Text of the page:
5 Fall-Approved Garden Tips

Wednesday, October 19, 2016
By: Dr. Becky Langer, Bayer North American Bee Care Program, Project Manager
Bee pollinating purple flower

Fall is here! Yes, it’s that time of the year when people sip on pumpkin spice lattes and spend their weekends cheering on their favorite team. This could mean less time is spent in the garden – but it doesn’t have to. Bees are still busy getting ready for the winter to make sure they emerge healthy in the spring. Try your hand at these five fall-approved tips to maximize the gardening time we have left and to ensure your garden is in tip-top shape come spring to help the bees, too!


1. Keep an Eye Out for Sales


Many garden and home improvement stores lower their prices at the end of the warm season to make room for new inventory. So if you’ve had your eye on a new lawnmower or other garden gadgets, now is the time to buy. And it’s never too early to stock up on soil or fertilizer for the next growing season!


2. Store Seeds and Plant Bulbs


If you have leftover seed packets, put them in the freezer so they stay fresh for next spring. But go ahead and plant bulbs, such as tulips and irises, which serve as great sources of pollen for bees. The winter freeze actually helps these plants grow, so it’s best to put them in the ground during the fall. Be sure to plant before the first freeze – preferably when the temps are in the forties or fifties. You can also plant many types of trees or shrubs in the fall, which tend to bloom earlier in the year. That way, bees have an additional forage option on those surprisingly warmer days that arrive as winter closes and spring approaches. Also, consider thinking ahead for next year. Plants such as sedum and asters are planted in the spring but bloom in the fall and can keep bees fed until it is time to overwinter.


3. Prune Late-bloomers and Trim Perennials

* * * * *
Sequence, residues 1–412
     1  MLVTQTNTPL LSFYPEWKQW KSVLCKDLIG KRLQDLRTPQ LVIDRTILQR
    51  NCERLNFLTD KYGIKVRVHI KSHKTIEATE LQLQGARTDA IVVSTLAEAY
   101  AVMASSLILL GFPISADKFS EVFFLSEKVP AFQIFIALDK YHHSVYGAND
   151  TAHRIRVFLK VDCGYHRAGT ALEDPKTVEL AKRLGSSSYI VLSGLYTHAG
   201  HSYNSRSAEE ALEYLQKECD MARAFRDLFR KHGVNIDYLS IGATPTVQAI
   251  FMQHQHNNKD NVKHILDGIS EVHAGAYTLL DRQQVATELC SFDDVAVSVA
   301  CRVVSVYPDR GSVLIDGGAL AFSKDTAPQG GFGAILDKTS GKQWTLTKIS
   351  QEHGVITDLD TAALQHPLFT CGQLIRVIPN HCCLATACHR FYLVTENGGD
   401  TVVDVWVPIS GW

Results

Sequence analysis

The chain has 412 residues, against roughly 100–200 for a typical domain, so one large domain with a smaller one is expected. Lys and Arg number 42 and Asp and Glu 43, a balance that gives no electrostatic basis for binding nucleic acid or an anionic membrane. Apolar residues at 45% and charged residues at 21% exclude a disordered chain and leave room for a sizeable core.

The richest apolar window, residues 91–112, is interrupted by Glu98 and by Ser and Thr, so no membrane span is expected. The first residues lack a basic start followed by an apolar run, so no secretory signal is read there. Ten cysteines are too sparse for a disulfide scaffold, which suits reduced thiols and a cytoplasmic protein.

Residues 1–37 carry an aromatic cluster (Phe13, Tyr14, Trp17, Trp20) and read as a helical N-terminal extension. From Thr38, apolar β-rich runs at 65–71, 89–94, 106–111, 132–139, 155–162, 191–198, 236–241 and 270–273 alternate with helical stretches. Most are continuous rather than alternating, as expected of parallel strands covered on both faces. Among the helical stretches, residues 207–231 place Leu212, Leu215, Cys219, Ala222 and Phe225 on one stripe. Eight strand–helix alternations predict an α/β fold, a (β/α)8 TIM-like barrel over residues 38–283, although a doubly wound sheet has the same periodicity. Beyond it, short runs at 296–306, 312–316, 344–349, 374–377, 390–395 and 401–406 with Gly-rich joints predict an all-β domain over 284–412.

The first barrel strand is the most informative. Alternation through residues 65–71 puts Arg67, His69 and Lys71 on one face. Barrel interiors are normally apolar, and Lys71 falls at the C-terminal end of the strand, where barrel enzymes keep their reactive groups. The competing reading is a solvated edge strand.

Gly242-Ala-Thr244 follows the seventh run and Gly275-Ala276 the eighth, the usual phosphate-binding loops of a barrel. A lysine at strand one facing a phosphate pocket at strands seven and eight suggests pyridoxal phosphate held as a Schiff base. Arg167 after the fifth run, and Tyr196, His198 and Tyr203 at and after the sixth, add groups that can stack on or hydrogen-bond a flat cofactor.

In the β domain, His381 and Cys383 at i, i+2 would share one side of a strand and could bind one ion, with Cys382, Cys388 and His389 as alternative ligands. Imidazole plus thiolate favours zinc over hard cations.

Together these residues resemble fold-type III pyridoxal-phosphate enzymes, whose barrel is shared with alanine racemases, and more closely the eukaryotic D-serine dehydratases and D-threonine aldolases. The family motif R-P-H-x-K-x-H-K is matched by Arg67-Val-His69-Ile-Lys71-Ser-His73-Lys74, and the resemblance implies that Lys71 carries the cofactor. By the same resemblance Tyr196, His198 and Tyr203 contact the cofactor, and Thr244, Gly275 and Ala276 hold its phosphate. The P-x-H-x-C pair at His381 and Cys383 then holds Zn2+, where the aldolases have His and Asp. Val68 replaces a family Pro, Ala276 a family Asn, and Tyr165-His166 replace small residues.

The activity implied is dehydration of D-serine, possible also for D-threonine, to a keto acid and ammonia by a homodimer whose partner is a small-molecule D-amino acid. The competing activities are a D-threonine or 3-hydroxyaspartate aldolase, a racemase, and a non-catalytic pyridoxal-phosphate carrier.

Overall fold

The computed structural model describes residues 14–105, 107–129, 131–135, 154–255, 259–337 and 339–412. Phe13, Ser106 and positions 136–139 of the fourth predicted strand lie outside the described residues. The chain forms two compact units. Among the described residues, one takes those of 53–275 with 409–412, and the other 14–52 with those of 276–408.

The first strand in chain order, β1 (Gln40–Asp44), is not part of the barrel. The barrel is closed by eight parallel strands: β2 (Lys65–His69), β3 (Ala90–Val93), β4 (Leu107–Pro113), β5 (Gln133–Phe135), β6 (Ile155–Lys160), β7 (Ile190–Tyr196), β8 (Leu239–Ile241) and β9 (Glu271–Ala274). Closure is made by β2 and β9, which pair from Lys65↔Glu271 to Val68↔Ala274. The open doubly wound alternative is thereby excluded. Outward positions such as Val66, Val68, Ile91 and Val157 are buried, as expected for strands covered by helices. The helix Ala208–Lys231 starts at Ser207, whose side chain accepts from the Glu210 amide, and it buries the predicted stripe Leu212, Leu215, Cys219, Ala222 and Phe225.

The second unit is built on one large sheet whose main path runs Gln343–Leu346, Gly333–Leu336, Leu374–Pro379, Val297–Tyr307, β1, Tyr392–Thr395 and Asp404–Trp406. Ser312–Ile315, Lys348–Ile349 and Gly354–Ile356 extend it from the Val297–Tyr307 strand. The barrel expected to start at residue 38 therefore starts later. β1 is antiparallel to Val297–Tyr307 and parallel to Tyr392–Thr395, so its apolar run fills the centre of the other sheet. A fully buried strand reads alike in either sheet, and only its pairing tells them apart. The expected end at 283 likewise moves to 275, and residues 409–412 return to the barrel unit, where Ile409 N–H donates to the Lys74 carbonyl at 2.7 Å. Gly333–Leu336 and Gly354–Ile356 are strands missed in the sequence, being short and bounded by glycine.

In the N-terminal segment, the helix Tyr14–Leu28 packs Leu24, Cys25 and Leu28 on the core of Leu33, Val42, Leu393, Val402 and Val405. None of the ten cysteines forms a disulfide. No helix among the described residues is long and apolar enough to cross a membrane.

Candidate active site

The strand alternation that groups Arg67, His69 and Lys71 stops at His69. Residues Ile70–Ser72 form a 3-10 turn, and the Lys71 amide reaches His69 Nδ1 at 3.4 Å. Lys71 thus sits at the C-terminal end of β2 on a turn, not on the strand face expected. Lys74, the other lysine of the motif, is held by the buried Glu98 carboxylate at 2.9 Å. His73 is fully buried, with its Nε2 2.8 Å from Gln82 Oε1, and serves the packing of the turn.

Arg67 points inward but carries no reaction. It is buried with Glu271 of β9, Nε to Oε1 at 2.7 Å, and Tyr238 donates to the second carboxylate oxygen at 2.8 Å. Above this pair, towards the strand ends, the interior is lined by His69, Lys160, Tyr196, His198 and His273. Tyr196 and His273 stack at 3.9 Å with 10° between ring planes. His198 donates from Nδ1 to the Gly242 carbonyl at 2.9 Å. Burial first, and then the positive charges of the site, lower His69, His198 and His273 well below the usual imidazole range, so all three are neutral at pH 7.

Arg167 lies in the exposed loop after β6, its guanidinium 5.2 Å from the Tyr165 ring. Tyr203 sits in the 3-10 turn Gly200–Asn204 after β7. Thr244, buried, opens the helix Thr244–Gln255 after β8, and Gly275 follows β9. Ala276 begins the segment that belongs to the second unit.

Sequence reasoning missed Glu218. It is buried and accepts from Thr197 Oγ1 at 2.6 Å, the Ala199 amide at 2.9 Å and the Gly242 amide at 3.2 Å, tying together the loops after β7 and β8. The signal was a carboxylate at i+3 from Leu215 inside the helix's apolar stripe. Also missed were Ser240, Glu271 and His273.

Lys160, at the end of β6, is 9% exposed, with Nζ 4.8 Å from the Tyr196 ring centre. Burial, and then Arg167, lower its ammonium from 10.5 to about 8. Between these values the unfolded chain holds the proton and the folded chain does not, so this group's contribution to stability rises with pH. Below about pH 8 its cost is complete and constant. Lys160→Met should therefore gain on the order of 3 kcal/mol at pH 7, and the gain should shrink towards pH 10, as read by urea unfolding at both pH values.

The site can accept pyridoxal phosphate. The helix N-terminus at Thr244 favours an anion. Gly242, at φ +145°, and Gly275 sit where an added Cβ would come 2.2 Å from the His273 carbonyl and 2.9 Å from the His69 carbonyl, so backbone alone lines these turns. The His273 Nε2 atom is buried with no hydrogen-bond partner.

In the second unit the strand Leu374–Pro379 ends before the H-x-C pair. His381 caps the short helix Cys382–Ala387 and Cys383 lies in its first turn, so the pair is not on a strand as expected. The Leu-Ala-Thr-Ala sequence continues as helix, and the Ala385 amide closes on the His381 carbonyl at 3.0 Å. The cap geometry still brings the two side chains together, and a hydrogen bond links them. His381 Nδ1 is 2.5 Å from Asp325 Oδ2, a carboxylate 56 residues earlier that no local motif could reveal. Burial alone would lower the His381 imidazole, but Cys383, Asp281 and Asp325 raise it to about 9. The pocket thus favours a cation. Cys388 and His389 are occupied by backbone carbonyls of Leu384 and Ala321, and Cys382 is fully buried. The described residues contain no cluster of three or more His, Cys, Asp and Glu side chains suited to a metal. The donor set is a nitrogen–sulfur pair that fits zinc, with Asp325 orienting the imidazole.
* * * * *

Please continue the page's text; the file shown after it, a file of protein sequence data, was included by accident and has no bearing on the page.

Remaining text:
Remove dead limbs and cut back your perennials. This will give them an added boost for next year and limit some post-season diseases and infestations. However, avoid pruning your pithy shrubs, such as sumac or hydrangea, too much when possible, as pollinators that are cavity nesters take winter refuge in dead stems of these plants.


4. Mow and Fertilize Your Lawn


Just because your grass isn’t growing as fast as it did during the summertime doesn’t mean it doesn’t need some TLC! Fall lawn care will help it flourish in the springtime. So, give it a final trim and be sure to feed and fertilize it to help strengthen its roots.


5. Clean-up Debris


Rake your garden but don’t worry about making it too tidy. Leaving little areas of weeds, branches and leaves can provide habitats for small wildlife, including pollinators. During the winter, honey bees look for small crevasses or empty burrows protected by fallen leaves and light debris to make their nests. Leaving fallen leaves and twigs over plant beds can also prevent soil erosion and help regulate soil temperature. If you’d rather clear all debris off your garden, consider making a space for ground nester pollinators. These native bees look for sunny sections of friable soil clear of any vegetation in which to burrow several inches below the surface. Be sure to throw the leaves you do rake into your compost bin for use next spring.


And there you have it! The end of summer doesn’t have to mean the end of gardening. And maybe the work you take care of in the fall will pay off with a shorter to-do list in the spring. Happy gardening!


Sources:


http://www.hgtv.com/outdoors/gardens/planting-and-maintenance/fall-planting-tips


http://time.com/money/3998183/fall-gardening-tips/


http://greatpollinatorproject.org/management/nesting-habitat


http://www.plants.usda.gov/pollinators/Enhancing_Nest_Sites_For_Native_Bee_Crop_Pollinators.pdf


http://www.bulbblog.com/tulip/


http://thehoneybeeconservancy.org/act-today/plant-a-bee-garden/


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